Local Missionaries in Guatemala
Guatemala, a Central American country bordered by the Pacific Ocean, El Salvador, Mexico, Belize, Honduras, and the Caribbean Sea, is the most populous country in Central America. Slight smaller than the state of Pennsylvania, its mountainous highlands contain several active volcanoes.
While the largest religion in Guatemala is Roman Catholicism, which is often mixed with aspects of traditional Mayan religion, Protestant evangelicalism is steadily growing.
Guatemala has the highest population growth rate and the youngest population in Latin America. Nearly half of the population is under age 19. Approximately 40% of the indigenous population lives in extreme poverty. Nearly one-half of Guatemala’s children under age 5 are chronically malnourished, one of the highest malnutrition rates in the world.
The country’s poverty—with a per capita GDP that is half the average for Latin America and the Caribbean—has caused many Guatemalans to emigrate to the U.S. or Mexico. Lack of employment opportunities has caused the many young people to fall victim to gangs or drugs. Guatemala is a major transit country for cocaine and heroin.
In Guatemala City, the average age a child is initiated into a gang is between 14 and 15 years old. Often their initiation involves killing someone. Murder and violence are rampant. Multitudes of mothers are sending their children across the U.S. border, illegally, knowing they’ll never see them again to avoid them getting swallowed up in the dark criminal underworld.
Guatemala’s children are looked at with disdain and suspicion because so many become thieves and drug addicts. They are typically ignored or abused by parents who were treated the same way by their parents.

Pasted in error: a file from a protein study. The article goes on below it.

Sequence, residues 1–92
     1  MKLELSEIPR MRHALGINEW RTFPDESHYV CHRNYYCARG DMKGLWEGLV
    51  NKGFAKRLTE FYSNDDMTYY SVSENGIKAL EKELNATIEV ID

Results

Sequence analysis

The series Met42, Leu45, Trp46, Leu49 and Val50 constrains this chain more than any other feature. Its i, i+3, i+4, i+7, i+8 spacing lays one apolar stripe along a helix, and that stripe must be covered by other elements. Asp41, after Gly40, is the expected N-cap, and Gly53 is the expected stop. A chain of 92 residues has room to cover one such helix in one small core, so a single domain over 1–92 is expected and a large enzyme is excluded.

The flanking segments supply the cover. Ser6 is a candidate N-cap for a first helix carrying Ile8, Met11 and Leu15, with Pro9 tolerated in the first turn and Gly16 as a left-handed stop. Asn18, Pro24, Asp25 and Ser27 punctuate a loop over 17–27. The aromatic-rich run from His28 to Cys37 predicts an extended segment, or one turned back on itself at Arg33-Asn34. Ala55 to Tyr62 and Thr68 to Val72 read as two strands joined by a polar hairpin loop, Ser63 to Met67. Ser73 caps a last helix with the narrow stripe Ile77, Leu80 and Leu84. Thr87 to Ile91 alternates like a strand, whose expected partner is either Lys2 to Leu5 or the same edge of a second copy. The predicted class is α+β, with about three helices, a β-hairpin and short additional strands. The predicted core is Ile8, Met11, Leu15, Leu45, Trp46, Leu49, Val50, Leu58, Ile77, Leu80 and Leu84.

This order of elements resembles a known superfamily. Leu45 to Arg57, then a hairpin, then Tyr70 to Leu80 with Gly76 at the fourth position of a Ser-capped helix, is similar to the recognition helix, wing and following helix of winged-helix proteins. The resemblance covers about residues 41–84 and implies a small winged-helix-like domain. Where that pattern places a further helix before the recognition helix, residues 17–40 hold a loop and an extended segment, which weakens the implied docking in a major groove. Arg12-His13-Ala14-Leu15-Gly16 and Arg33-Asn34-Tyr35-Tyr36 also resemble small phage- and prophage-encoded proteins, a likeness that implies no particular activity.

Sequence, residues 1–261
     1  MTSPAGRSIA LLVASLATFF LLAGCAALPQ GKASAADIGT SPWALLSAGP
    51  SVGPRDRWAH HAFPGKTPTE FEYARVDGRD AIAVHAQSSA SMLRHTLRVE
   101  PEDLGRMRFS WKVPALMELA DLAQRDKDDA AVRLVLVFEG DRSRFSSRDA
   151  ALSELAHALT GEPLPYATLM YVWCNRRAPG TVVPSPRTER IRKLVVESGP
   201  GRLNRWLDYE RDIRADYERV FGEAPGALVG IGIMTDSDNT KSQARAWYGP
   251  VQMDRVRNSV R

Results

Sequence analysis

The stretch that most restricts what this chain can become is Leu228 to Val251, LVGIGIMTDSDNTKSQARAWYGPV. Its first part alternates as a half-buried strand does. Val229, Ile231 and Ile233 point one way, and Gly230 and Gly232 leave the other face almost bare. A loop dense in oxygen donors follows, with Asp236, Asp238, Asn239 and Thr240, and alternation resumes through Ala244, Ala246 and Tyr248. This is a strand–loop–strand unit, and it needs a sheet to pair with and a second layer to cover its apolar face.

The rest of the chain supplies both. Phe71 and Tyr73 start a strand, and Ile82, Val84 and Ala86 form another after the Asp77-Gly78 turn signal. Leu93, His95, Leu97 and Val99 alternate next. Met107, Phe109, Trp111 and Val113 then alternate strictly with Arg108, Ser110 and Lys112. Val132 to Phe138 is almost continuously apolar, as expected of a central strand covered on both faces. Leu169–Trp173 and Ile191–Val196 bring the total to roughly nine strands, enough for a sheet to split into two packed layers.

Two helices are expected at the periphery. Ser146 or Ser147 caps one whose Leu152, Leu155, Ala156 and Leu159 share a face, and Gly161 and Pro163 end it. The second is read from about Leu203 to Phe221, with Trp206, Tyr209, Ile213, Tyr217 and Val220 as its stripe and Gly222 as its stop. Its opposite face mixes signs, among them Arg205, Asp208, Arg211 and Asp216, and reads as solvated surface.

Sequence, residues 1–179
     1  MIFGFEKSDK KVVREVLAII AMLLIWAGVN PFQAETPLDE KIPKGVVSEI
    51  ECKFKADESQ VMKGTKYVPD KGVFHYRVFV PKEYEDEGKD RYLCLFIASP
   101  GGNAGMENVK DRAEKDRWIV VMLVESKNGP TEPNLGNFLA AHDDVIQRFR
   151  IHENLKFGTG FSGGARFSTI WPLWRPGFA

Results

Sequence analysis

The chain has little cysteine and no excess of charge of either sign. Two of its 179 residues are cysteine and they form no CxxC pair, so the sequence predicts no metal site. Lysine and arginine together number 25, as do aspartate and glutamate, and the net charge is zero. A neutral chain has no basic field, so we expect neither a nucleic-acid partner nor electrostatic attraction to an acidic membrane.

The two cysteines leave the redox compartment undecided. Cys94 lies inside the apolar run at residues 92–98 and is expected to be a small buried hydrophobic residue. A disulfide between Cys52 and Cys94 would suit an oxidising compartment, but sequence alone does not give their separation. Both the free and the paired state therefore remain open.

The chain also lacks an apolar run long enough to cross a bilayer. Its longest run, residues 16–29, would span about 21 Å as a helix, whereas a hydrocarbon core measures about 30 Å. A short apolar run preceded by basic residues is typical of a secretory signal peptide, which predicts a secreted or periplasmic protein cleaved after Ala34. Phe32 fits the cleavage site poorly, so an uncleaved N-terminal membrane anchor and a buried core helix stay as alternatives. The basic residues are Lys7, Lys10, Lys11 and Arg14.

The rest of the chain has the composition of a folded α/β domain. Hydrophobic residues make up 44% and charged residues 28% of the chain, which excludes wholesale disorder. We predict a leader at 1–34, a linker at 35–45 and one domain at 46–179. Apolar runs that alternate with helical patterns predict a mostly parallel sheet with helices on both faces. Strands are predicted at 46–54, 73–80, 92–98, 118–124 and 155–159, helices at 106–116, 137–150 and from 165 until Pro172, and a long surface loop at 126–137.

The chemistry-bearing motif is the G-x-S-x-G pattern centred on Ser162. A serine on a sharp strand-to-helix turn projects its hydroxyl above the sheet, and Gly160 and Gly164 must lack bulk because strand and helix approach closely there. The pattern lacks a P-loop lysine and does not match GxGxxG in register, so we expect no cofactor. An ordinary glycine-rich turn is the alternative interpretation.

In the meantime, gang members promise these children love and community—everything they lack at home. They wait for them outside of their schools, where they do their best recruiting.
An indigenous ministry assisted by Christian Aid Mission, which is located in one of Guatemala’s worst slums and one of the most dangerous places on earth, works to rescue the area’s vulnerable children. At their center, ministry workers provide children with nutritious meals, recreational activities, tutoring, and discipleship in God’s Word.
Out of the roughly 1,000 children who have regularly taken part in these programs, not one has joined the gangs that cripple Guatemala’s security and economy. And none have fallen victim to the lure of the human traffickers who require thousands of dollars in exchange for transportation to the U.S./Mexico border. Many of them have accepted Christ as their Lord and Savior. In addition, the ministry has a robust outreach to the parents of the children they help, which often leads to the complete transformation of entire families.
The ministry requests funding to continue hosting and providing meals to around 150 desperately poor children at their center three days per week, in addition to providing each child with school supplies.
Sources: CIA World Factbook, Joshua Project, Wikipedia
How to Pray for
- Pray that God would send revival to this country so plagued by poverty and violence, and that the hearts of the country’s young people would find the hope they are looking for in Jesus Christ.
- Pray for divine protection and funding for the indigenous ministry that is so courageously and faithfully reaching out to the country’s vulnerable children and youth.
- Pray that, as the country’s evangelical population increases, believers would grow in the knowledge and truth of God’s Word so that the Church would have a solid foundation to stand firm in the midst of a challenging environment.
More stories from Guatemala
Help Give Aid to the Poor in Guatemala
In a country where impoverished children are tempted to join criminal gangs to obtain security and financial reward, local missionaries providing hot lunches and grocery bags encourage kids to follow God’s ways.
Doing Spiritual Warfare – with Youth Gangs
In a slum in Guatemala, a pre-teen boy can earn $30 for killing a store owner who refuses to comply with the local gang’s financial demands. This option was too tempting for 11-year-old Octavio. Living in extreme poverty, his fatherless family struggled to survive, and he was thinking of joining a gang to earn “good money.”